In the last days "In the latter days" - "Wherever the latter times are mentioned in Scripture, the days of the Messiah are always meant," says Kimchi on this place: and, in regard to this place, nothing can be more clear and certain. And the mountain of the Lord's house, says the same author, is Mount Moriah, on which the temple was built. The prophet Micah, Micah 4:1-4, has repeated this prophecy of the establishment of the kingdom of Christ, and of its progress to universality and perfection, in the same words, with little and hardly any material variation: for as he did not begin to prophesy till Jotham's time, and this seems to be one of the first of Isaiah's prophecies, I suppose Micah to have taken it from hence. The variations, as I said, are of no great importance.
Isaiah 2:2. הוא hu, after ונשא venissa, a word of some emphasis, may be supplied from Micah, if dropped in Isaiah. An ancient MS. has it here in the margin. It has in like manner been lost in Isaiah 53:4; (note), and in Psalm 22:29, where it is supplied by the Syriac, and Septuagint. Instead of הגוים כל col haggoyim, all the nations, Micah has only עמים ammim, peoples; where the Syriac has עמים כל col ammim, all peoples, as probably it ought to be.
Isaiah 2:4. Micah adds רחק עד ad rachok, afar off, which the Syriac also reads in this parallel place of Isaiah. It is also to be observed that Micah has improved the passage by adding a verse, or sentence, ( Micah 4:4;) for imagery and expression worthy even of the elegance of Isaiah: -
"And they shall sit every man under his vine,
And under his fig tree, and none shall affright them:
For the mouth of Jehovah, God of hosts, hath spoken it."
The description of well established peace, by the image of "beating their swords into ploughshares, and their spears into pruning-hooks," is very poetical. The Roman poets have employed the same image, Martial, 14:34. "Falx ex ense."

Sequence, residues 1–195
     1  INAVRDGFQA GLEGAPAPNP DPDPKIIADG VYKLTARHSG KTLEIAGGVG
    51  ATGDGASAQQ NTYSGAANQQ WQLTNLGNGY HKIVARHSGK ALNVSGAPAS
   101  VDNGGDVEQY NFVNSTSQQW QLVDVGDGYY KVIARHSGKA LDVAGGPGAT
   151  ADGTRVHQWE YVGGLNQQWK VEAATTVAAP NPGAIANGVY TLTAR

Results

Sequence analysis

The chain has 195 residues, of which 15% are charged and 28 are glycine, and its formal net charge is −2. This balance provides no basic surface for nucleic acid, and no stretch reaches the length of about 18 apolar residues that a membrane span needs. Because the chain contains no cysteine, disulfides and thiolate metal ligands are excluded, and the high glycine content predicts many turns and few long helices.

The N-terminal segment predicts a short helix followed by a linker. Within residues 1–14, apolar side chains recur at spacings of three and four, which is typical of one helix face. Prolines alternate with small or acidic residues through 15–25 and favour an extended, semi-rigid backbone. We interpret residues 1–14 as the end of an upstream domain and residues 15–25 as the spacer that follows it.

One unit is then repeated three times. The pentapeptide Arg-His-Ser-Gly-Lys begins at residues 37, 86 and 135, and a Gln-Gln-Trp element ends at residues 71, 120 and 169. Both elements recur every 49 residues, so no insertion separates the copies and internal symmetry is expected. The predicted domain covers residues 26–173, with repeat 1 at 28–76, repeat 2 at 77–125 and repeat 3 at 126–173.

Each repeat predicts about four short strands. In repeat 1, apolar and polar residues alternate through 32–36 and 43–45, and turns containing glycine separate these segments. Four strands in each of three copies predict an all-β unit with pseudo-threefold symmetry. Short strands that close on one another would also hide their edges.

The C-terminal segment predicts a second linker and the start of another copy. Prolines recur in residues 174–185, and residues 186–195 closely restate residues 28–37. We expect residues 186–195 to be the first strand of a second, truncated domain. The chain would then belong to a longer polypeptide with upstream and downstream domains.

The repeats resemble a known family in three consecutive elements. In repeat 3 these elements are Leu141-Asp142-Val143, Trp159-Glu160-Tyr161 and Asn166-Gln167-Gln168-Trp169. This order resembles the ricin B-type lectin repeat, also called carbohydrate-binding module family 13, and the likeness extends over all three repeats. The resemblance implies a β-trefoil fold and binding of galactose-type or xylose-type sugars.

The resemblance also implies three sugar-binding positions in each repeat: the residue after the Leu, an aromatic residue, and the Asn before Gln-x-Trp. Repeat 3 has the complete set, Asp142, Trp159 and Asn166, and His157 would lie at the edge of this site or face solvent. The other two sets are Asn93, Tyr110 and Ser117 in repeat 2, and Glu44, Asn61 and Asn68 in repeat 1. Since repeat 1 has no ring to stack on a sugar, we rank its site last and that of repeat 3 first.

"Pax me certa ducis placidos curvavit in usus:
Agricolae nunc sum; militis ante fui."
"Sweet peace has transformed me. I was once the property of the soldier, and am now the property of the husbandman."
The prophet Joel, Joel 3:10, hath reversed it, and applied it to war prevailing over peace: -
"Beat your ploughshares into swords,
And your pruning-hooks into spears."
And so likewise the Roman poets: -
- Non ullus aratro
Dignus honos: squalent abductis arva colonis,
Et curvae rigidum falces conflantur in ensem.
Virg., Georg. 1:506.
"Agriculture has now no honor: the husbandmen being taken away to the wars, the fields are overgrown with weeds, and the crooked sickles are straightened into swords."
Bella diu tenuere viros: erat aptior ensis
Vomere: cedebat taurus arator equo
Sarcula cessabant; versique in pila ligones;
Factaque de rastri pondere cassis erat.
Ovid, Fast. 1:697.
"War has lasted long, and the sword is preferred to the plough. The bull has given place to the war-horse; the weeding-hooks to pikes; and the harrow-pins have been manufactured into helmets."
The prophet Ezekiel, Ezekiel 17:22-24, has presignified the same great event with equal clearness, though in a more abstruse form, in an allegory; from an image, suggested by the former part of the prophecy, happily introduced, and well pursued: -
"Thus saith the Lord Jehovah: